It's a blog written by a grad student at a university in Kansai specializing in ethnology. It's a bit too much work to translate, so I'm just going to paraphrase the relevant bits:
Setting aside the obvious practical use of masks in Japan as a tool to prevent the spread of disease, "surgical masks" (technically they're just regular face masks that you can buy at any convenience store - they even have "menthol flavored" masks and ones with children's anime characters) have been worn for all kinds of reasons, like women who don't feel like wearing makeup, don't want to be recognized on the street, etc.
But even before the modern era, "masks" have played a role in Japanese culture. One example is the Obon Festival in August, a Japanese Buddhist custom to honor the spirits of one's ancestors. The masks are worn during the bon odori, a dance to welcome and console the spirits of the dead.
The role of the masks during this festival is to bring the normal, the mundane person and elevate him into a "nonhuman existence" (hito naranu sonzai) - one that is able to dance together with the dead.
Jumping to the 60s and 70s surgical masks were were often used along with helmets in the gakusei undou, or student protests in Japan (this was in the wake of the US-Japan Security Treaty, the Vietnam War, turmoil over Japan's postwar recovery, etc). The interesting part here is that the mask is now used as a weapon - it empowers these students to protest against the teachers and the establishment. By hiding their faces, they counterintuitively gain the ability to rebel and speak out. Again the writer uses the term hito naranu sonzai, these kids are surpassing and separating themselves from their everyday identities/ordinariness (nichijousei).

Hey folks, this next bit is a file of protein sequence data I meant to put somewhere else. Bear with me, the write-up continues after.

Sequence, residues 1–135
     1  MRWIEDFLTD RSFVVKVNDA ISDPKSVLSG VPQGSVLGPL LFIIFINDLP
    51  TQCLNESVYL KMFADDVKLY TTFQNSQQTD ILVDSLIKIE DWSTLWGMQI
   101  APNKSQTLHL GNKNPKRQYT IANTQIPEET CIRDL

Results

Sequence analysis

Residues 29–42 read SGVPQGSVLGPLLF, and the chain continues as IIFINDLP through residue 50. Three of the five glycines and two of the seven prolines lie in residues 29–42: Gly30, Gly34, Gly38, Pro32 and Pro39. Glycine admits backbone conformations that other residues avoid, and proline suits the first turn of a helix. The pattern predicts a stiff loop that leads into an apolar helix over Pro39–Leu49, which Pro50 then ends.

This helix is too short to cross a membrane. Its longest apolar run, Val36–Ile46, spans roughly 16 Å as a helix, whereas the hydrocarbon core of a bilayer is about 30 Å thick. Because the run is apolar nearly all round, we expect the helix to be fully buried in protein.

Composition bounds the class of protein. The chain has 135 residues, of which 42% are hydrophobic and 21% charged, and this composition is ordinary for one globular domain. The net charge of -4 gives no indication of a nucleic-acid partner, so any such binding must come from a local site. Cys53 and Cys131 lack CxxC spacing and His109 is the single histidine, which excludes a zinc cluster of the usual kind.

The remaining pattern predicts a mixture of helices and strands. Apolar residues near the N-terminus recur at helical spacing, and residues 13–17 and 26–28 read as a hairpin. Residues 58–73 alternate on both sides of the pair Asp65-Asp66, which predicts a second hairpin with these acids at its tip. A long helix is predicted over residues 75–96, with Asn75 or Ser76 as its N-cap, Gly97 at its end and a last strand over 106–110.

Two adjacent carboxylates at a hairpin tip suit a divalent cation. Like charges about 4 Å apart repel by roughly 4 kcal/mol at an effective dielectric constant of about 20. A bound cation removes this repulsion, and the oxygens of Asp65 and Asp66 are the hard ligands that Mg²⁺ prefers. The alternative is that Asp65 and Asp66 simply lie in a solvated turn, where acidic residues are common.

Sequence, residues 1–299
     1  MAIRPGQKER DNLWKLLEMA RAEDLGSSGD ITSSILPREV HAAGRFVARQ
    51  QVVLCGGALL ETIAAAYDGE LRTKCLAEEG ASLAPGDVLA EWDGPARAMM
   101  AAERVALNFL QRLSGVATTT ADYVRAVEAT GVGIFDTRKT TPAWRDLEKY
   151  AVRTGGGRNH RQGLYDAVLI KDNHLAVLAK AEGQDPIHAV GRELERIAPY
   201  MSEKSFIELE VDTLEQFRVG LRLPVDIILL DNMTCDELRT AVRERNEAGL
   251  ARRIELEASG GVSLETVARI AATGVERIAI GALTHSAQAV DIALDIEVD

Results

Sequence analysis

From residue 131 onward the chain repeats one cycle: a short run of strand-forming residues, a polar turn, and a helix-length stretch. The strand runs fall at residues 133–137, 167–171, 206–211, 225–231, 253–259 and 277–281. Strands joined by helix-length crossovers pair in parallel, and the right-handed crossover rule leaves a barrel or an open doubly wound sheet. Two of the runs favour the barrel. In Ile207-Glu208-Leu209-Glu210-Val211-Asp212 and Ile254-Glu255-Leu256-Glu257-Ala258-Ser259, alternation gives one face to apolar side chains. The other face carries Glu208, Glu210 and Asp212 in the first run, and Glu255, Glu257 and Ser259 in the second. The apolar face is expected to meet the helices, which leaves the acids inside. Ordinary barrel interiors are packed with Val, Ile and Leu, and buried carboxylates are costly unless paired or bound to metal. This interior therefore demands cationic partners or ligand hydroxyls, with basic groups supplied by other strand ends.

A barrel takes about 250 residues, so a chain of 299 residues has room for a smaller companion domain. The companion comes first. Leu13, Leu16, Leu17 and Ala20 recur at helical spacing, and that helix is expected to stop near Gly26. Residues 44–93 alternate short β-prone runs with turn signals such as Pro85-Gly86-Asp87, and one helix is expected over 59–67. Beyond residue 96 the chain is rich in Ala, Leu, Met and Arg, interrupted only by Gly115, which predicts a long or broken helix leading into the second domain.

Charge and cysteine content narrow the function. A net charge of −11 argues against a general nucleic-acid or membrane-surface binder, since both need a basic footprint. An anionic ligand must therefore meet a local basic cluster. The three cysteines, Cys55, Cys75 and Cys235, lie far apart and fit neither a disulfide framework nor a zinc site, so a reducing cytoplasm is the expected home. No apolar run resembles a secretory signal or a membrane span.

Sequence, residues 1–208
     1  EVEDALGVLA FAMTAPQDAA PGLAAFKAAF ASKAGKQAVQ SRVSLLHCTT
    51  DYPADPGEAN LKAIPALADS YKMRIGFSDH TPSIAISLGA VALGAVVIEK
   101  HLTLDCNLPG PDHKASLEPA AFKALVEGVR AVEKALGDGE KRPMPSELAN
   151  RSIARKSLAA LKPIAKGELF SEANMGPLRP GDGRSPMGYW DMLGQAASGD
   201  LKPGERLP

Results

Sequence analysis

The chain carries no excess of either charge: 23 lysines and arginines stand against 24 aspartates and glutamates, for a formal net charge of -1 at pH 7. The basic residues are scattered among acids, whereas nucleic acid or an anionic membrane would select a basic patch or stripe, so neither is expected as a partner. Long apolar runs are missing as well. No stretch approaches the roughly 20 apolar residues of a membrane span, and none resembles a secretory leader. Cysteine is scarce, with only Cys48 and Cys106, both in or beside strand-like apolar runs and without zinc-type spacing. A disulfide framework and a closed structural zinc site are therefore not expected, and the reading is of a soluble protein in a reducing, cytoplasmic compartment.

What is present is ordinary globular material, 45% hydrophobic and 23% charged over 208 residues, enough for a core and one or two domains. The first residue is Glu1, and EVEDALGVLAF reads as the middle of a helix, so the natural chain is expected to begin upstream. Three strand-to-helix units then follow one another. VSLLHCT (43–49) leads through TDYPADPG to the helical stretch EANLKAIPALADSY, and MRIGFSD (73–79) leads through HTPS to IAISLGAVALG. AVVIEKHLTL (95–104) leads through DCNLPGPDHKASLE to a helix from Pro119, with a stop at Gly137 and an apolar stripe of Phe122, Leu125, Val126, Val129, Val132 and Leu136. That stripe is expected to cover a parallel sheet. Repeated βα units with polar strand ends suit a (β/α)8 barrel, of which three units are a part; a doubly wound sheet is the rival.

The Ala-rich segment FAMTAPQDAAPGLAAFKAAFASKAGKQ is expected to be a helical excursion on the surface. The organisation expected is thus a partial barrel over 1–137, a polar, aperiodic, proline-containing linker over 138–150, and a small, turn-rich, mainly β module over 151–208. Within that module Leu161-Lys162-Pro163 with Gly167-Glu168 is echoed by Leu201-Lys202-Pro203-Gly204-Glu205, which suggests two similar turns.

Then in the 70s we have the rise of the bousouzoku, who, to oversimplify a bit, were basically biker gangs in Japan and typically emulated the greaser look + also often wore surgical masks (presumably to conceal their identities).
The next section goes on to list why people say they choose to wear masks.
- "It's somehow calming"
- "When my teacher gets angry at me, if I wear a mask I can face him"
- "I don't like my face"
- "I feel more relaxed when I wear a mask knowing I'm not looked at"
This desire to be invisible to people, to cut themselves off from society, on one hand has an isolating effect, but the associations with the gakusei undou, bousouzoku, etc. is also paradoxically empowering and has the opposite effect of allowing these people to express themselves freely.
Essentially, when these modern kids are wearing surgical masks, it's channeling all this history and background, and I think that background does help explain why there was this attraction to surgical masks - the "frightening but fragile" look that these bullied kids adopted.
Another bit of unrelated trivia, there's also a myth in Japan of the slit-mouthed woman (kuchisake-onna), who was mutilated by her husband and returns as a malicious spirit wearing a face mask. The legend reappeared again in the 1970s and spread throughout Japan.